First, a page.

Bringing Back Screen Pass Could Protect Tom Brady, Open Up Passing Game

Bringing Back Screen Pass Could Protect Tom Brady, Open Up Passing Game Tom Brady and the Patriots’ passing game has evolved immensely over time, but with that level of increasing success, the Pats seemed to have forgotten their routes. Should the Patriots refocus their attention toward the screen game in 2010?

Former Patriots offensive coordinator Charlie Weis was the master of maximizing talent, taking a green-eared quarterback from the bench and turning him into a Super Bowl MVP. He knew Brady had the intangibles to be smart with the football, so Weis didn’t make Brady take many risks in 2001 and the Patriots monopolized the screen game.

As Brady’s talent grew and Weis departed, however, the screen game has mostly become a thing of the past. Yeah, they still run bubble screens to the wide receivers, but why not get the running backs more involved?

Kevin Faulk’s skill set is made for the screen game. He’s an effective blocker who can sell the fake, slip out into the flat and scat through the defense to pick up a chunk of yards.

It would also be a good way to get Laurence Maroney more involved with the offense. He’s a player who absolutely needs to be playing with confidence, and a well-executed play that’s designed to get him into the open field would yield positive effects.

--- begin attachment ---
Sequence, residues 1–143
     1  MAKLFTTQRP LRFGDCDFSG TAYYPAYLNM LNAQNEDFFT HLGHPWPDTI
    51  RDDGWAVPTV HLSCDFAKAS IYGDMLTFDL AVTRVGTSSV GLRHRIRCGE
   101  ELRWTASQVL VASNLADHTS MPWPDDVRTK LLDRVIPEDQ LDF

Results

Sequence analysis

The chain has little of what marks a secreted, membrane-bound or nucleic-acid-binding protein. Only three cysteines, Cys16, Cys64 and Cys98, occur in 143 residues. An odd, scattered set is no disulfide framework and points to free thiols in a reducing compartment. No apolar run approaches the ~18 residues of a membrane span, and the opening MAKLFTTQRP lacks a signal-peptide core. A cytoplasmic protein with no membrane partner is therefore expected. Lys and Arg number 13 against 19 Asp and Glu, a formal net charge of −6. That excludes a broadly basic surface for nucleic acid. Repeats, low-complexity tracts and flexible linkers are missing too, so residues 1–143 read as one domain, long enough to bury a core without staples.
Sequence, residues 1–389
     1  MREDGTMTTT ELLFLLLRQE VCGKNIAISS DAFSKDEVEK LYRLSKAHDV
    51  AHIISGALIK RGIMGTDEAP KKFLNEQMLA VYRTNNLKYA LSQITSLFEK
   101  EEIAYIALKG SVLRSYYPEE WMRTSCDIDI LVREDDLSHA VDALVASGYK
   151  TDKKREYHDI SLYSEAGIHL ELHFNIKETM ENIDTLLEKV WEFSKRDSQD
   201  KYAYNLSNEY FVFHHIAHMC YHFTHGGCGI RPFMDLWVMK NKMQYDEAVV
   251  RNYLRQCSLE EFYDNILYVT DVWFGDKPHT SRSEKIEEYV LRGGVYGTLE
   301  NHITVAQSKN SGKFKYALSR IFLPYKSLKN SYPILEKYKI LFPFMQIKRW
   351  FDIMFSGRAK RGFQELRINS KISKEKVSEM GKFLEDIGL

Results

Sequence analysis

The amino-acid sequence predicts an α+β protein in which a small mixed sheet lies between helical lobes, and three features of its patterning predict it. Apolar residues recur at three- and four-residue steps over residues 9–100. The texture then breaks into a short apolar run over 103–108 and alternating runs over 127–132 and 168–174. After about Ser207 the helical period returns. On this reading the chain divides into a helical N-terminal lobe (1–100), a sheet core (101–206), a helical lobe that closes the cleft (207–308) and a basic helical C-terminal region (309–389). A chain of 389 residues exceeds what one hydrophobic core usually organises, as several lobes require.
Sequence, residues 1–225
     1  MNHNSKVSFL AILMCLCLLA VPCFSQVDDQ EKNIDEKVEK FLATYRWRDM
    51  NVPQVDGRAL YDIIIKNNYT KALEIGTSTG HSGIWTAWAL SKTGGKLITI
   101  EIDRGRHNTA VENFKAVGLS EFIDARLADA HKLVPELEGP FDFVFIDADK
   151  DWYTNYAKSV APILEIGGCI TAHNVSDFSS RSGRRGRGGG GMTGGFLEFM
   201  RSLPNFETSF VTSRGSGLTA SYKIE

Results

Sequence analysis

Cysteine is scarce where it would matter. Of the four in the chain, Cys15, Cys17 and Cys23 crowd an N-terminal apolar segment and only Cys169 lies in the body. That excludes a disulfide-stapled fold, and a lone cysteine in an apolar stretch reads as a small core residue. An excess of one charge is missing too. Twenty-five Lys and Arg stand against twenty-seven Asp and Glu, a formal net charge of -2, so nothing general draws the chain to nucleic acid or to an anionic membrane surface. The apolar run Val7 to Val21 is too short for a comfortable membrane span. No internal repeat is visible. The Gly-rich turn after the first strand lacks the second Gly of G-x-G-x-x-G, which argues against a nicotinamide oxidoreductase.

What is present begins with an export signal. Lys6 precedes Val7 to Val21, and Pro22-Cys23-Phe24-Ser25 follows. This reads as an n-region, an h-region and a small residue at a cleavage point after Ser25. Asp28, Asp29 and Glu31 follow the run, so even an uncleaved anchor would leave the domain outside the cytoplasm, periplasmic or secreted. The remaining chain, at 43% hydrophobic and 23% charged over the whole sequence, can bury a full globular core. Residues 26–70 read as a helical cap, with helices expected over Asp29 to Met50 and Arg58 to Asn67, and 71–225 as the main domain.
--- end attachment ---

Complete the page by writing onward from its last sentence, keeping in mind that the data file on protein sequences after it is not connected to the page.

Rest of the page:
Now, this isn’t to say that Brady’s skills are waning and the offense should regress as a result, but teams were able to key on New England’s two passing targets last season. Defenses could put a safety over the top and shut down Randy Moss, and strong-tackling teams punished Wes Welker. From there, the Patriots had little in their reserve to counterattack.

By keeping defenses on their toes, they’ll have fewer resources to double-team Moss, and the linebackers and safeties won’t be able to bracket Welker. If the Patriots get the short passing game going — with guys not wearing No. 83 — they’ll also suck in deep pass protections, greatly opening the field for Moss.

It’s also about efficiency. Welker has been Brady’s great safety blanket for two seasons, but there’s no telling how effective he’ll be coming off the knee injury. Giving Brady a chance to dump off a handful of low-stress passes each game will limit Brady’s wear and tear, which was obviously an issue last season when he suffered two separate instances of broken ribs.

The Patriots still have the tools to go down the field with their passing game, but they can’t lose sight of how helpful it is to utilize the short-passing game and screen game to set up the big play. The offense was good last season, but there were glaring weaknesses.

There’s no harm in trying to rededicate themselves to the screen game in 2010.

NESN.com will be answering one Patriots question every day until July 24.

Friday, July 9: Who will be New England’s most valuable 2010 draft pick?

Sunday, July 11: If they need Brian Hoyer, can he do it?